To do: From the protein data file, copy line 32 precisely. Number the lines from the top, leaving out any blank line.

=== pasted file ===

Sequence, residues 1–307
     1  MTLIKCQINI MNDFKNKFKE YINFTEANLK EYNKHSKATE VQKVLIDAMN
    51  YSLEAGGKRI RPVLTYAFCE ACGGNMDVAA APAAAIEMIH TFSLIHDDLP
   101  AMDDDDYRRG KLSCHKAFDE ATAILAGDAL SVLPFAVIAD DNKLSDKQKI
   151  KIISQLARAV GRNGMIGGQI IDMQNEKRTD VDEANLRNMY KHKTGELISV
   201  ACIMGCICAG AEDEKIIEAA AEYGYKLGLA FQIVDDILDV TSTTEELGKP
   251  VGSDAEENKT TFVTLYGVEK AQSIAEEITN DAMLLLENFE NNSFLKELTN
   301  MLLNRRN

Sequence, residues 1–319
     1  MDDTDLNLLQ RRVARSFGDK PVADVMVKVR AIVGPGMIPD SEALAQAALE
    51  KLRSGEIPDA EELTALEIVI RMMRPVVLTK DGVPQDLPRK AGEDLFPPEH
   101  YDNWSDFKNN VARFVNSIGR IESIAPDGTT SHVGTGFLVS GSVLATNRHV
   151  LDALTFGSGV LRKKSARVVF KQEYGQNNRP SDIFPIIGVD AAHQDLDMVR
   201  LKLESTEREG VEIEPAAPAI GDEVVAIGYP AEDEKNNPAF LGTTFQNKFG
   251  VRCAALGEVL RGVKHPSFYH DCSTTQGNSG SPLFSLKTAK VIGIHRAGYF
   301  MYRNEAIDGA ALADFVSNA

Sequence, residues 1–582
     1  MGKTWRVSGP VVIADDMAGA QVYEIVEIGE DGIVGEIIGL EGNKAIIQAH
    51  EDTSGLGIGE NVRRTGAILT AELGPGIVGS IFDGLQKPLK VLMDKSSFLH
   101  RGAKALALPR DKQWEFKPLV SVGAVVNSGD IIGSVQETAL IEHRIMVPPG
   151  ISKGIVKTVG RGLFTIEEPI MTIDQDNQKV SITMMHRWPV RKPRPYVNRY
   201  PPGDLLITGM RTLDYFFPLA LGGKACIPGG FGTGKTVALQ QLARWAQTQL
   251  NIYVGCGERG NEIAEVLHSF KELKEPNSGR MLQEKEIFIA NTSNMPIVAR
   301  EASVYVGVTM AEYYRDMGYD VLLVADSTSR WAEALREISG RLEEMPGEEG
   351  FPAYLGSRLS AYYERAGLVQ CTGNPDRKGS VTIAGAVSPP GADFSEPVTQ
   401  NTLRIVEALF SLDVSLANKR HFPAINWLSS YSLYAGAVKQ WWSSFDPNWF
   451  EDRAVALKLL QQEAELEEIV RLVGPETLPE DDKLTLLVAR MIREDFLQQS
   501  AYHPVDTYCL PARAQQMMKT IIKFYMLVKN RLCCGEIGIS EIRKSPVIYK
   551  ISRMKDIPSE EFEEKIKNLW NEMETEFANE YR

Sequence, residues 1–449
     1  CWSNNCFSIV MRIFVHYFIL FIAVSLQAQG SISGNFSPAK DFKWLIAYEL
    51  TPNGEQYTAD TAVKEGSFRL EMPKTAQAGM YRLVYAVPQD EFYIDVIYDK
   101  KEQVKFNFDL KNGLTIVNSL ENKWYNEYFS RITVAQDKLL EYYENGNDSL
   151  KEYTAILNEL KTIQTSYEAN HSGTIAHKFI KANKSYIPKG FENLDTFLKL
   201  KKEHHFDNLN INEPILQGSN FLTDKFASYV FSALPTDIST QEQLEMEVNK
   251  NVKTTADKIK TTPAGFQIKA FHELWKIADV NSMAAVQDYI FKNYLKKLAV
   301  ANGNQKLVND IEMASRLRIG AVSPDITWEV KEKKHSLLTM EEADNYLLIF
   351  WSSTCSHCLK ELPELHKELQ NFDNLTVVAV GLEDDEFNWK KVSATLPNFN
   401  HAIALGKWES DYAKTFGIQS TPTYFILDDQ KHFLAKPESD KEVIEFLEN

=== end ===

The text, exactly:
    51  TPNGEQYTAD TAVKEGSFRL EMPKTAQAGM YRLVYAVPQD EFYIDVIYDK